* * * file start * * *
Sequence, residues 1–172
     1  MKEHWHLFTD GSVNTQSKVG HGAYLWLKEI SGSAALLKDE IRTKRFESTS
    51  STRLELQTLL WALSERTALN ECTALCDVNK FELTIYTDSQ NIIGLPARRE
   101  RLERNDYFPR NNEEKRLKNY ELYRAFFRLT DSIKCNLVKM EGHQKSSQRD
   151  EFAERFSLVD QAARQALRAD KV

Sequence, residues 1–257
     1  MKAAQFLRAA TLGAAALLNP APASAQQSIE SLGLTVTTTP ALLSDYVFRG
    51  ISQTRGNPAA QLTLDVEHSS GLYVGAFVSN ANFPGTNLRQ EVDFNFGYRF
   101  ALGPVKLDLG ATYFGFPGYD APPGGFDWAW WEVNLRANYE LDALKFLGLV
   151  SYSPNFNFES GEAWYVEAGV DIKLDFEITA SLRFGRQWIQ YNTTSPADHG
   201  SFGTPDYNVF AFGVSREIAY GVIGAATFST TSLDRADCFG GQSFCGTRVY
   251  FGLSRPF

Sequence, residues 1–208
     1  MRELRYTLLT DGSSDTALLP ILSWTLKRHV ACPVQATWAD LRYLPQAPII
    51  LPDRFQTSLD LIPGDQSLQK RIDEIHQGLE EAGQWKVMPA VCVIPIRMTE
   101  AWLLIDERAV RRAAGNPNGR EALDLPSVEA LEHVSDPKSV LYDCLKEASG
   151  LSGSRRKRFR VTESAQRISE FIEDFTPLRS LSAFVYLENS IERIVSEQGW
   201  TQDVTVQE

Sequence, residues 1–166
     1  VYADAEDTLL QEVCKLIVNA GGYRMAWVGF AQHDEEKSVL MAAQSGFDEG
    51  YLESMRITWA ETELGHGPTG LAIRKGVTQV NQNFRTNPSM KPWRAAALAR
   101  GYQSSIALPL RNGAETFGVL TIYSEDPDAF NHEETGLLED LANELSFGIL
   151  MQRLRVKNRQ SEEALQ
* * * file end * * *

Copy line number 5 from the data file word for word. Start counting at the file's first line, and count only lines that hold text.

   151  EFAERFSLVD QAARQALRAD KV